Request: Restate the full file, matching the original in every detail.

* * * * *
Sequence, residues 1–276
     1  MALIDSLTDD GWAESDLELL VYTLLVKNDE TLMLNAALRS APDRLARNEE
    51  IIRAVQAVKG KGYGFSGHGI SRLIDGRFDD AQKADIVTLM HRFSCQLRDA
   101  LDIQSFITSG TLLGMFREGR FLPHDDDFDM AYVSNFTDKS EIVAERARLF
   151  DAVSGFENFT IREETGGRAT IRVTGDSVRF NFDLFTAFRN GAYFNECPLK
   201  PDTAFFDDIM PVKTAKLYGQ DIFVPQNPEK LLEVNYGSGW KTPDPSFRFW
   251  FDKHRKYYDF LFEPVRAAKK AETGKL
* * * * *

Sequence, residues 1–276
     1  MALIDSLTDD GWAESDLELL VYTLLVKNDE TLMLNAALRS APDRLARNEE
    51  IIRAVQAVKG KGYGFSGHGI SRLIDGRFDD AQKADIVTLM HRFSCQLRDA
   101  LDIQSFITSG TLLGMFREGR FLPHDDDFDM AYVSNFTDKS EIVAERARLF
   151  DAVSGFENFT IREETGGRAT IRVTGDSVRF NFDLFTAFRN GAYFNECPLK
   201  PDTAFFDDIM PVKTAKLYGQ DIFVPQNPEK LLEVNYGSGW KTPDPSFRFW
   251  FDKHRKYYDF LFEPVRAAKK AETGKL